Chrissy Metz, the actress behind Kate Pearson on This Is Us, has never shied away from expressing how she feels about body image and weight issues. Show creator Dan Fogelman modelled the role after his own sister’s weight-loss journey — and the authenticity rang through the first time Metz read the script.
‘Here was this woman who was actually dealing with weight. Not like, “Oh my God, I gained a pound”‘ Metz told the Hollywood Reporter in 2017. ‘She was a real woman who was really struggling, and all I could think was, “Oh my God, I’m Kate.”‘
Here’s what the actress has said about self-image and her own weight-loss experiences, and how it’s affected her role on the show.
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On her childhood
Metz spent her childhood in Gainesville, Florida, with her mother, stepfather, and four siblings. ‘There were nights my mom wouldn’t eat dinner,’ she told Glamour last year. ‘I knew she was giving up food to make sure we could eat, but when you’re 9 or 10 years old, you can’t help. It was devastating. In retrospect, I think that’s why food equals love in my family. It’s the way we showed love — my grandmother would make me a grilled cheese sandwich every time she’d pick me up from school. I really valued that attention. As I got older, that turned into, ‘Oh, I’m happy — let’s celebrate and eat. I’m sad? Let me eat my feelings.’
On her stepfather:
‘My body seemed to offend him, but he couldn’t help but stare, especially when I was eating. He joked about putting a lock on the refrigerator,’ Metz wrote in her memoir, This Is Me: Loving the Person You Are Today, per CNN. ‘We had lived with a lack of food for so long that when it was there, I felt like I had to eat it before it disappeared. Food was my only happiness.’
Metz says she found herself getting up in the middle of the night and sneaking food to eat in the bathroom. By the time she turned 14, she claims her stepfather conducted forced weigh-ins: ‘He’d get the scale from the bathroom and clang it hard on the kitchen floor. “Well, get on the damn thing!”‘
(Her stepfather later denied this account, telling Entertainment Tonight, ‘None of it’s true …I love her very much just like I always have.’ Metz now has a relationship with him.)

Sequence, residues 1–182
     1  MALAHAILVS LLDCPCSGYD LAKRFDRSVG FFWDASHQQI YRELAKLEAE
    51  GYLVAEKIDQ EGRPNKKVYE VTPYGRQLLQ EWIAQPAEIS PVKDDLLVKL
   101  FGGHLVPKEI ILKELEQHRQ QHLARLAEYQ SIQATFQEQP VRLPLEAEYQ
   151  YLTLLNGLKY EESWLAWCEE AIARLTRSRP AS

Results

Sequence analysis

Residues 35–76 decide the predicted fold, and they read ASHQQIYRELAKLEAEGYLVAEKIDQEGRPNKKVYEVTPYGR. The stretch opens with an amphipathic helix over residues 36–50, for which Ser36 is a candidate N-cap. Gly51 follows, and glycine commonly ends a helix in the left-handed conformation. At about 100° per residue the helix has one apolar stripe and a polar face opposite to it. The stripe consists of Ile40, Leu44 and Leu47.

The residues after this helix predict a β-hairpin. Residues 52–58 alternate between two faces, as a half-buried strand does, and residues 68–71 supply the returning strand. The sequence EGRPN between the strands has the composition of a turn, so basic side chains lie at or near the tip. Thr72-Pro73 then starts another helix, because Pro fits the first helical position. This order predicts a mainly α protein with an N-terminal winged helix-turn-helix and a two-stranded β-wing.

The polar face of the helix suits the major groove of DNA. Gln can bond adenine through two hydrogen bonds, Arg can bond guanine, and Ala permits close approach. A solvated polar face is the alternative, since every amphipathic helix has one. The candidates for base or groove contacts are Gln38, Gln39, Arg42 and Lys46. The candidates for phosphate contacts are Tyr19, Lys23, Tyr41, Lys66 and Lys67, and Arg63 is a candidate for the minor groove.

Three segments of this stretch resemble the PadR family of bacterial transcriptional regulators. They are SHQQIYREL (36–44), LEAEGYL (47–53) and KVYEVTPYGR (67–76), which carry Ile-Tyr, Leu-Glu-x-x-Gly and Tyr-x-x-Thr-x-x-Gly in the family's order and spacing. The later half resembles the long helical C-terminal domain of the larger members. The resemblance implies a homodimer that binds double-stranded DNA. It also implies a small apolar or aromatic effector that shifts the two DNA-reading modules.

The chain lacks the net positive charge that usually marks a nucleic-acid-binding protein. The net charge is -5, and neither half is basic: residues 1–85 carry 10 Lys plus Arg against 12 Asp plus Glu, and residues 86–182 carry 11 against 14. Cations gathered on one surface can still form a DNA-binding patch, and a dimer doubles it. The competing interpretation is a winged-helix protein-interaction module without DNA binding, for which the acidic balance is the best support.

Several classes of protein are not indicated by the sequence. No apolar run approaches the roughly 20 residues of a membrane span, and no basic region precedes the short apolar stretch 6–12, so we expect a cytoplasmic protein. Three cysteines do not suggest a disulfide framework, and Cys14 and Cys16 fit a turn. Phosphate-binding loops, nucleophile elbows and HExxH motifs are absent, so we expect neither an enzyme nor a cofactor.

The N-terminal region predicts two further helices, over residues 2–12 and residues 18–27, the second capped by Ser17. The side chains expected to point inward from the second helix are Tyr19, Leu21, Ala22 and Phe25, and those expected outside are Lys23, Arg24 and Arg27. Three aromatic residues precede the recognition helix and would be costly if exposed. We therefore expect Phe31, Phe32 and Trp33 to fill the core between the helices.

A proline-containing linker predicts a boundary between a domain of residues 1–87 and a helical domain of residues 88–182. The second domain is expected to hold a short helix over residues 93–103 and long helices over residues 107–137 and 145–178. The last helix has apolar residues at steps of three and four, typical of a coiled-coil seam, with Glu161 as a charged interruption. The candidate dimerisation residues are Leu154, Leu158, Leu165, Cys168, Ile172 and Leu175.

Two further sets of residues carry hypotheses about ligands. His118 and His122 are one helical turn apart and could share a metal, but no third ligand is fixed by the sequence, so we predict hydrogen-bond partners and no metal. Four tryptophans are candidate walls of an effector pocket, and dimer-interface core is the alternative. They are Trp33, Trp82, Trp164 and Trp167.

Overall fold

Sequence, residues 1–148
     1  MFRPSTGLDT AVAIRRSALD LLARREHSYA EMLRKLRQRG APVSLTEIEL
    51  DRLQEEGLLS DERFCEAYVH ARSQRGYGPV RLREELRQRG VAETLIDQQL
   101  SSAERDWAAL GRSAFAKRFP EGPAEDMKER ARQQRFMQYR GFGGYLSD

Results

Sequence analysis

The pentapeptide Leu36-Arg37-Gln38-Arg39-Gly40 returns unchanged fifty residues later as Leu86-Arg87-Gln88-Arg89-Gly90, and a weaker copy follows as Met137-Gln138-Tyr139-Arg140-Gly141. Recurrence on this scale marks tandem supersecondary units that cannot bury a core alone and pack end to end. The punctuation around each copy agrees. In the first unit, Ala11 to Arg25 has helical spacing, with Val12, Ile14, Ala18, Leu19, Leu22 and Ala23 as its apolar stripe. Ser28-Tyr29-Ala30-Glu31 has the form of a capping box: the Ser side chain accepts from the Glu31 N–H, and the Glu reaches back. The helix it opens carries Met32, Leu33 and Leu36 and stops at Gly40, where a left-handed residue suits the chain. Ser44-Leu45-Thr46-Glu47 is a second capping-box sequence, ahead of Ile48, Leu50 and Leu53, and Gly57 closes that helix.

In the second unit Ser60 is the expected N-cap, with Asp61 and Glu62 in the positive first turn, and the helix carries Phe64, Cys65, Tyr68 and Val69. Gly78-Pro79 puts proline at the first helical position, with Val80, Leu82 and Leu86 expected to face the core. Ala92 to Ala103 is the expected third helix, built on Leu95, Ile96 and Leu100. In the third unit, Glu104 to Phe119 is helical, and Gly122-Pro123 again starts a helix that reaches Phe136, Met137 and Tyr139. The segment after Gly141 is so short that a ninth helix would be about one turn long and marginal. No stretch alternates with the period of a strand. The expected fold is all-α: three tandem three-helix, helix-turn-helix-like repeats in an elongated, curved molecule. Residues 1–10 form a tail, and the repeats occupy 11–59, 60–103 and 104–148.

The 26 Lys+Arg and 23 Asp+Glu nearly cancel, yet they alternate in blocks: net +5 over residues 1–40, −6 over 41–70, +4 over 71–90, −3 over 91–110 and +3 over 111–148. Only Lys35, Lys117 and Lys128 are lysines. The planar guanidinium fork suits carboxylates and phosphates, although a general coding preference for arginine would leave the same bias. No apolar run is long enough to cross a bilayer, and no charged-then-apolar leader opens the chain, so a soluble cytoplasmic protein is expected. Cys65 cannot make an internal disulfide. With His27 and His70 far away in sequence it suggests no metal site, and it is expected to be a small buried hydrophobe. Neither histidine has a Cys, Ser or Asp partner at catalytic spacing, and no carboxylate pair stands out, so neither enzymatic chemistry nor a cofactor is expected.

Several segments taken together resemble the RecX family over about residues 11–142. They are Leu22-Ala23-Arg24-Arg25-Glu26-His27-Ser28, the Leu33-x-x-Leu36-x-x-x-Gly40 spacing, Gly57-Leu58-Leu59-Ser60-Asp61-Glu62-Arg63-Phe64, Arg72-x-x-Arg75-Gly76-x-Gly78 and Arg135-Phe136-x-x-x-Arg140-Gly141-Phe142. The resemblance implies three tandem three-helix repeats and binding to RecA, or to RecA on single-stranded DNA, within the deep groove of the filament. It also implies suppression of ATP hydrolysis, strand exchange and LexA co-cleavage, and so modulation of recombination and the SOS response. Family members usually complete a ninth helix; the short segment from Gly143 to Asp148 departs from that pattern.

To Good Housekeeping US, Metz says that she’s been able to use her turbulent background to generate positivity in the present: ‘I realised those things [her experiences] served me in what I wanted to do, in being vulnerable and having the ability to be very emotional … [I] think [to myself], “There’s a reason I went through all these things: to become the person I am and to accept myself through it all.”‘
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On Weight Watchers:
‘I remember going to Weight Watchers when I was like 11,’ she told the Hollywood Reporter. ‘I was the youngest person in the damned room, and it was awkward. My mom was trying to figure it out, but it’s a process.’
On wearing a fat suit for American Horror Story:
After she moved out to LA, Metz landed her first major role, playing Barbara ‘Ima’ Wiggles on American Horror Story: Freak Show. The job required the actress to wear a fat suit on set. ‘It was sobering,’ she told People. ‘I thought, “What if I become that heavy and can’t walk around or get stuck in the doorframe?” I was like, “I don’t want this for me.”‘
‘I thought success and joy weren’t coming to me,’ she wrote in her book. ‘They were inside me all along. Every little act I did of showing up for myself brought me to this moment, right here where I am talking to you. You are hard-wired for this dream, and you will make things happen once you stop waiting for things to happen. Turn all the attention you’re putting toward what other people are saying to what you’re saying. You’ve so got this. Say it: “I’ve got this.”‘